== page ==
IS "FRANKENWEENIE" FOR EVERYONE? @ 18 January 2013 06:36 PM
There's a tendency to see Blu-ray as a boon to color films and it is. Babes in Toyland, as reported earlier, is true eye candy. However, when it comes to black-and-white film, Blu-ray accentuates the details and makes the clarity sharp as can be.

Such is the case with the Blu-ray of Frankenweenie. As with so many Tim Burton movies, there are those who just can't get into his very specific vision and those who can't get enough of it. If the latter is you, Frankenweenie is, to quote Fawlty Towers, a "televisual feast."

My kids enjoyed it, particularly my son, but the family agreed that it was very intense viewing for young children. Please don't just plop this into the player and let the kids loose on it if they're very young and impressionable -- but you're the best judge of where your kids are in relation to movies and TV (we waited a loooong time before we showed Bambi to my son).

Frankenweenie, in Burton style, is grotesque yet touching, strange yet perceptive. If you haven't seen the 1984 live action short that inspired it (included on the Blu-ray but not the DVD), it's the Burton world of a misfit in a suburban environment of eccentrics that screams "Who's the real crazy one?" This motif is especially strong in Frankenweenie, in which the neighborhood kids are much weirder than the odd central character.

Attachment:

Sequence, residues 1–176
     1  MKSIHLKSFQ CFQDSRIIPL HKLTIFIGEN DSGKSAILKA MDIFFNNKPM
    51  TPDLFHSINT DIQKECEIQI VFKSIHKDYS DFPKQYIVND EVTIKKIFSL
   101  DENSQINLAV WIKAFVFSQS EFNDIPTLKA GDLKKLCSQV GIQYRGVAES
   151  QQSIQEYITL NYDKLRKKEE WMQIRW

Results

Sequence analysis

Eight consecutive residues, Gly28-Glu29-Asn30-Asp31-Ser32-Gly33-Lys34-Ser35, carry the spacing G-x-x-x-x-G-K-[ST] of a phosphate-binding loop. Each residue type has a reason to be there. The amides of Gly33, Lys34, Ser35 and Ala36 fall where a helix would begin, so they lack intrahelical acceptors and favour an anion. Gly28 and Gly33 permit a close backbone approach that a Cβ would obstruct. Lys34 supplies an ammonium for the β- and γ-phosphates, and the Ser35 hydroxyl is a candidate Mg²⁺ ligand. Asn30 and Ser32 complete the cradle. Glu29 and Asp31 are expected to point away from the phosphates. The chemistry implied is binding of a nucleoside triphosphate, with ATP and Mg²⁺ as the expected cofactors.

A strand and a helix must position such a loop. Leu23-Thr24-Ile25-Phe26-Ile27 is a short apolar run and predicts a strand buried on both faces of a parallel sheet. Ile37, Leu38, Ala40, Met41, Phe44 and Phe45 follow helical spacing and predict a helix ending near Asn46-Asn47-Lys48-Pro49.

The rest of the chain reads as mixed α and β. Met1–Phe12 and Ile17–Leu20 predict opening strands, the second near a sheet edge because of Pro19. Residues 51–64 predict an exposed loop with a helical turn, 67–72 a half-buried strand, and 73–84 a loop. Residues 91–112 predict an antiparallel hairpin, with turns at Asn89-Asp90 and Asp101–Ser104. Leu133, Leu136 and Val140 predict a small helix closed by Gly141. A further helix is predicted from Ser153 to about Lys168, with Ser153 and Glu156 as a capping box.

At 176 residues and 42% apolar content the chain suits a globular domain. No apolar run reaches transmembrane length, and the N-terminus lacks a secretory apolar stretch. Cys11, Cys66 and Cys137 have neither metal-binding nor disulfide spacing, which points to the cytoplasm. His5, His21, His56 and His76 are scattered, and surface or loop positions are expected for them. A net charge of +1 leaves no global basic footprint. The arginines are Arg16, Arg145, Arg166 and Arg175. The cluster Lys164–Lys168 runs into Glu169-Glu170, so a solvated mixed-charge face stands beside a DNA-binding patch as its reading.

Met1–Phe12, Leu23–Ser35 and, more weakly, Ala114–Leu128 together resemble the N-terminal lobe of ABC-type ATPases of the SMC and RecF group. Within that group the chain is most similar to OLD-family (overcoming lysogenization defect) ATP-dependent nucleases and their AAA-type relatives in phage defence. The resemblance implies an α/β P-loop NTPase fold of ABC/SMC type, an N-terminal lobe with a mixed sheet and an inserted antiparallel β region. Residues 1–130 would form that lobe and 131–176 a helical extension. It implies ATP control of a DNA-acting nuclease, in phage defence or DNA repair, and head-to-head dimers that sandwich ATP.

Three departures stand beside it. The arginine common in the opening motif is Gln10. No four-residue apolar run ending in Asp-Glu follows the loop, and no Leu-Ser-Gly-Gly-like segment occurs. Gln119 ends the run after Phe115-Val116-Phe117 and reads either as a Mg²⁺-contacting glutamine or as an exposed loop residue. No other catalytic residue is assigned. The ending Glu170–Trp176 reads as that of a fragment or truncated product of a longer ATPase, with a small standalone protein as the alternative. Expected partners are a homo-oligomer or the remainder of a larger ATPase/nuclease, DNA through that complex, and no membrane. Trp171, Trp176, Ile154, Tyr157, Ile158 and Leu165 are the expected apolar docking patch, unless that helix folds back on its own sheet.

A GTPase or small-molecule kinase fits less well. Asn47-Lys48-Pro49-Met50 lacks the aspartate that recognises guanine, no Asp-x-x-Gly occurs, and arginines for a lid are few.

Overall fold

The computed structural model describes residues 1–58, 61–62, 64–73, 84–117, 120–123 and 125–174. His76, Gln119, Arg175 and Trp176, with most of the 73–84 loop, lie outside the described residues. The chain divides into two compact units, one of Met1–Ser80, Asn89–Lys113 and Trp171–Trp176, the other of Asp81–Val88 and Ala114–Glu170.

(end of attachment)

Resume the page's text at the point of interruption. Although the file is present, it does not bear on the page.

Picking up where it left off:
Things get pretty monstrous in the final climax, much like a vintage sci-fi matinee (only done with a great deal more time and budget). The animation is as amazing as ever. There is just nothing like stop-motion and its kinetic excitement. The massive work behind this kind of art is nicely shown in another Blu-ray only feature, "Miniatures in Motion."

DVD only viewers will also get a look at the traveling Frankenweenie exhibit that spent some time at Disney California Adventure Park. But the original short, "Captain Sparky vs the Flying Saucers" is also Blu-ray only. It's a charmer, very much a nod to Burton's Ed Wood and Plan Nine From Outer Space, as well as hundreds of amateur movies made by eager young filmmaking kids. Too bad it's so short, but then, so was a reel of 8mm film.

The voice cast is uniformly superb, including Burton's Lugosi from Ed Wood -- Martin Landau -- and SCTV alums Catherine O'Hara and Martin Short (who turns in a lovely, restrained performance).

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